It means helping them understand that God didn’t create sex or gender as malleable, but as ‘male’ and ‘female’. It means showing them that by following the individualistic philosophy of ‘we are whatever we want to be’, we are logically elevating ourselves as the God of our lives. It means demonstrating to them how we have spurred God in His own creation. By the guiding of these individual through such things, we must also point out what their identity is in Christ, and firmly help them understand that becoming a Christian requires nothing short of coming to Christ as you are and letting His truth transform you as you follow Him. This means helping them establish that their identity is not who they envisage themselves to be, but rather helping them assume a Christocentric identity with the idea that they are a ‘new creation’, a child of God, created in His image, to glorify Him. It is a fundamental Gospel reality, that as we come to Christ – we find our identity in Him and only in Him; we are to deny ourselves in all ways, as we pick up the cross, and follow Christ. Our desires, should be Christ’s desires.
This will mean that we will want to help reclaim their God-given identity, and this will mean that we will likely call them by their original name and identify them by their birth sex. After all, if we believe that God is sovereign and like David, in Psalm 139:13, that God knitted us together whilst in our mother’s womb; then it means we need to be obedient to his creation, and to his sovereignty. Whilst this is not necessarily going to change the fact that this individual feels distressed regarding their gender identity, it will be our job to walk with them, to care for them, and to fundamentality demonstrate to them that peace does not come through anything we do but rather through what God has done, and who we are in Him. We need to help them to see that we are all living in bodies which have been tainted by the physical consequence of sin, as we all bear imperfections, conditions, and ailments. And in a fallen world, peace will never be fully felt nor seen here due to the constant discord that surrounds us, but it can be found in Christ and the hope we have through Him; knowing that all who believe will eventually have better, renewed, bodies; free from the discord they face here on earth. This is especially so, with the false hope of transitioning which is being presented to them – that it will make everything okay – it won’t, and it won’t necessarily make anything more bearable. It is only through Jesus Christ, that we have a hope of eternal life where our brokenness will be undone. Where we will be raised with perfected bodies, free from the taint and corruption of sin. All distress – all the brokenness in this world – will fade away in the eventual coming to past of this truth: God “will wipe every tear from their eyes. There will be no more death or mourning or crying or pain, for the old order of things has passed away”. This is the only true hope that can ultimately satisfy – not only individuals with gender dysphoria, but all people – all of us – who are broken.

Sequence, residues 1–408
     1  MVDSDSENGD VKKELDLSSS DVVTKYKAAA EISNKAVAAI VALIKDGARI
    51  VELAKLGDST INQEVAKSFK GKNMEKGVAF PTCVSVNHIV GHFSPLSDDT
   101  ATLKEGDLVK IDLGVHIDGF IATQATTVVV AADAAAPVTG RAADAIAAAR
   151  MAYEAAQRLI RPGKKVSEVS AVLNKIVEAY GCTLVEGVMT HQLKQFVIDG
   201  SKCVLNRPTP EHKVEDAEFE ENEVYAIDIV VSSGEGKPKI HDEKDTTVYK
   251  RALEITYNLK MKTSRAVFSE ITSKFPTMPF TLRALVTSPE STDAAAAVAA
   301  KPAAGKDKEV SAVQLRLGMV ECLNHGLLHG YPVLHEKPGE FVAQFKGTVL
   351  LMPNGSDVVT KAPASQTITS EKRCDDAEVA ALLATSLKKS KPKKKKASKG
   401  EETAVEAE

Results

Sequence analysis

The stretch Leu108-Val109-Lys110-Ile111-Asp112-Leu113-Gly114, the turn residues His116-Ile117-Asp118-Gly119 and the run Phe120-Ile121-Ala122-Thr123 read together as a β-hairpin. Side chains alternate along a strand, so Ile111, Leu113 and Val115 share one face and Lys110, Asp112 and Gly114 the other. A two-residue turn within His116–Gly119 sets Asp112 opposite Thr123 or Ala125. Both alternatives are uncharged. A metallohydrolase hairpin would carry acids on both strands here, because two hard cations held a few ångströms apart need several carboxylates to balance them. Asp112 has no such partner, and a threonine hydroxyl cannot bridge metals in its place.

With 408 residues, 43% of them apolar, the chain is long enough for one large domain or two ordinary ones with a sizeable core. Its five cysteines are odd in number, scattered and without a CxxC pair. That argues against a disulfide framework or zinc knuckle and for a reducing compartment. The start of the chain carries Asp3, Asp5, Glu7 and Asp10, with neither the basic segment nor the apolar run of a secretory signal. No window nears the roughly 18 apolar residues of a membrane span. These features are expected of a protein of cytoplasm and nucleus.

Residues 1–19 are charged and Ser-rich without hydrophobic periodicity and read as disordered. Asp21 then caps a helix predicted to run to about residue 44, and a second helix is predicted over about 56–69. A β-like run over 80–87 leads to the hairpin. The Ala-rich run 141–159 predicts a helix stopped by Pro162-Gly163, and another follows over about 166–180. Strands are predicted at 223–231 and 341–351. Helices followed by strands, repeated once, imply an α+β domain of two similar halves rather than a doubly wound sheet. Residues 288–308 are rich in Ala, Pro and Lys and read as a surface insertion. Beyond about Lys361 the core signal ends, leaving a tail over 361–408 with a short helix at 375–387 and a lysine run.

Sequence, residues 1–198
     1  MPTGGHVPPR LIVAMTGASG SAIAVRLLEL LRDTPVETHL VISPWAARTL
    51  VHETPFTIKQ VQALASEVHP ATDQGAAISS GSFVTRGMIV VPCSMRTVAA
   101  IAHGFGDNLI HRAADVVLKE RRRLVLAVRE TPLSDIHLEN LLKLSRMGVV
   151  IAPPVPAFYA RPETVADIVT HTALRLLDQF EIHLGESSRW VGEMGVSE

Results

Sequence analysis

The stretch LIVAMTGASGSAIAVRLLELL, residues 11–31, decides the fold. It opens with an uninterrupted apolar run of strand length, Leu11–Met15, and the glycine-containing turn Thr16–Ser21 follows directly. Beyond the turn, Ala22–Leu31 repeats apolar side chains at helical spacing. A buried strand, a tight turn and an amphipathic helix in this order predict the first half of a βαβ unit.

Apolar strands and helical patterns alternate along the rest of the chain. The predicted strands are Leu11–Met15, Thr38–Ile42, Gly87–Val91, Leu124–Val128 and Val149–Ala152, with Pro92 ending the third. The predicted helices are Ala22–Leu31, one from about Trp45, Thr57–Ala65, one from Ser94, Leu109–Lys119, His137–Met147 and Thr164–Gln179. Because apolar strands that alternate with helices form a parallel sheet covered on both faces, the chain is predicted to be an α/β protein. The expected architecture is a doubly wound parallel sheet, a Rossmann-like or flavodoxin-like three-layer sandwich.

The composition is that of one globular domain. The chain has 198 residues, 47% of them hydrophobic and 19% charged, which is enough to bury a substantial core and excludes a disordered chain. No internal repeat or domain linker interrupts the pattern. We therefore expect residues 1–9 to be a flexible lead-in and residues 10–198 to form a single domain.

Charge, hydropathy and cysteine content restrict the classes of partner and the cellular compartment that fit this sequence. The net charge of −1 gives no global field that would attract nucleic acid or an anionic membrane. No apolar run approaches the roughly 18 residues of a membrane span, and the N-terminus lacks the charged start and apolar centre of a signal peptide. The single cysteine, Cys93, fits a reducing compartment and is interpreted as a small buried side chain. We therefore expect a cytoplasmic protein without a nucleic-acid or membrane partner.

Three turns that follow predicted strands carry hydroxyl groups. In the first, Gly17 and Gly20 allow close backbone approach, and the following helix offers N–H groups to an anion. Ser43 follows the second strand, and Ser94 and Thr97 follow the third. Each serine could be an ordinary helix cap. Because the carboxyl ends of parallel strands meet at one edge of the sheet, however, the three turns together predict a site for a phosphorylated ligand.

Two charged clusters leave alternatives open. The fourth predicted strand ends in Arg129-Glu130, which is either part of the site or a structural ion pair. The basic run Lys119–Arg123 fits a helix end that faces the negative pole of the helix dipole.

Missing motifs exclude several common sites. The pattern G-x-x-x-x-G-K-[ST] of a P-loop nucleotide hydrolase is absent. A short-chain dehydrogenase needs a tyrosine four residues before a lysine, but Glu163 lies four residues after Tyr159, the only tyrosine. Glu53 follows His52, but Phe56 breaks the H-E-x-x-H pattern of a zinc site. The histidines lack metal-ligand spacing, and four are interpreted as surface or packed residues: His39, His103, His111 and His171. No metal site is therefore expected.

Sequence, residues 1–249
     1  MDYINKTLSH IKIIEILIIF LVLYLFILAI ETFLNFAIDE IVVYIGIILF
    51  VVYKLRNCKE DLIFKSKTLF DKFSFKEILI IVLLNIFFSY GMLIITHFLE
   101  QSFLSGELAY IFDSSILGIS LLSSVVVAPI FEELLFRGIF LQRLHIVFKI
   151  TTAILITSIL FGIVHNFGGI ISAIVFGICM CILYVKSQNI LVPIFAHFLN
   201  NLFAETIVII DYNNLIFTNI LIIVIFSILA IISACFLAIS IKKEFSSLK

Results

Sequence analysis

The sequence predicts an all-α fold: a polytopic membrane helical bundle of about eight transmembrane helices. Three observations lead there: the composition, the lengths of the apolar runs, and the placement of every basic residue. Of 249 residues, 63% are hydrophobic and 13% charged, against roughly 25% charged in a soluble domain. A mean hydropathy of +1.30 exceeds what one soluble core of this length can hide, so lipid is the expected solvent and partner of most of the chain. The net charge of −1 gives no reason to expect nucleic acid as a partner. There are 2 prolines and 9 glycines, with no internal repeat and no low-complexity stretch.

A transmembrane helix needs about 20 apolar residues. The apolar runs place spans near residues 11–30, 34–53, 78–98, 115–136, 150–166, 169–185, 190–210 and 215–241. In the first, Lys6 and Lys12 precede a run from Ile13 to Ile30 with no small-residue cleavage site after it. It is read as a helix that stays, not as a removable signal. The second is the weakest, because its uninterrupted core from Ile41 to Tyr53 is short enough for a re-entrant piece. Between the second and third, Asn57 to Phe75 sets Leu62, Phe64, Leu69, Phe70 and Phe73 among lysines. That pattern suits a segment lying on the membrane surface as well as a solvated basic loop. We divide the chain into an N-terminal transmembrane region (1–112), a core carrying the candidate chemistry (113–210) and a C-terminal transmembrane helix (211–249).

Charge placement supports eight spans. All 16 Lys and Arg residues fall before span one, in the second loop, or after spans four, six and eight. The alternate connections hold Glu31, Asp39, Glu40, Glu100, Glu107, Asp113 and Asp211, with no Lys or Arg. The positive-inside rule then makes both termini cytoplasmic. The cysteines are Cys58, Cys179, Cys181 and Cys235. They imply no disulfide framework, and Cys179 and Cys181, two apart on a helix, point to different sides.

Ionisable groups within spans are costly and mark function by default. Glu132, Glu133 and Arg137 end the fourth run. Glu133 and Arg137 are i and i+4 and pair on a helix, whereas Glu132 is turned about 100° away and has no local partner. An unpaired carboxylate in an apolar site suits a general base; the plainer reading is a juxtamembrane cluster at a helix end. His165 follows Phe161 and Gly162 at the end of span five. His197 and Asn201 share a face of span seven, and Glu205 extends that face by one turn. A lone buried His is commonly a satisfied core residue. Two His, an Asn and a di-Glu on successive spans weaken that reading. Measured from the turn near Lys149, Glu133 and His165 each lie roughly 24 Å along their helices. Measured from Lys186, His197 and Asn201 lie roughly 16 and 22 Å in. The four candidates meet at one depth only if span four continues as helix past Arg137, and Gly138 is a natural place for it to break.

If we buy into the notion that we should encourage these individuals – especially those who profess Christ — to consider transitioning in order to manage their distress, then we are simply replacing the one, true, hope with a cheap imitation; An imitation marked as solution which can never truly resolve the distress. And judging from the research regarding high mortality rate of those who transition and the numerous stories of those who desire to revert after having undergone such operations, that is precisely what ‘transitioning’ is — a false hope. Christian, I implore you, do not jump onto the societal narrative to encourage the ‘hope’ that transitioning supposedly provides, but instead, point them to the one and only hope that we have, so it may become theirs as well. Let us carry their burdens, helping them to see the finish line which is in Christ, and in Christ alone.
Written for and published in Evangelical Action.